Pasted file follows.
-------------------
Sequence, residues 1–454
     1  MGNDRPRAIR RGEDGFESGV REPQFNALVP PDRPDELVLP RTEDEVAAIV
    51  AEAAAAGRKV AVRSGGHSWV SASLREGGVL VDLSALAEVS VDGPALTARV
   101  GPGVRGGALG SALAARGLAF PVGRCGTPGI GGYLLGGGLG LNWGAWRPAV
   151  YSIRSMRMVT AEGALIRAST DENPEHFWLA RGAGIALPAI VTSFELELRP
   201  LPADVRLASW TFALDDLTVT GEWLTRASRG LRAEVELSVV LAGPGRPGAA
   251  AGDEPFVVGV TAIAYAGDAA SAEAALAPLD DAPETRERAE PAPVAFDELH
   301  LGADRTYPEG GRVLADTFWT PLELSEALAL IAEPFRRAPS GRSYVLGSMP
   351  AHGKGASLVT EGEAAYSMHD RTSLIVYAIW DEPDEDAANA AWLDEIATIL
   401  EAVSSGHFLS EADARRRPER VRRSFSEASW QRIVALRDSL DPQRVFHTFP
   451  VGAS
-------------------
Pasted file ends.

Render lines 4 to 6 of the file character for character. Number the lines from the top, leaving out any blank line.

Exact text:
   101  GPGVRGGALG SALAARGLAF PVGRCGTPGI GGYLLGGGLG LNWGAWRPAV
   151  YSIRSMRMVT AEGALIRAST DENPEHFWLA RGAGIALPAI VTSFELELRP
   201  LPADVRLASW TFALDDLTVT GEWLTRASRG LRAEVELSVV LAGPGRPGAA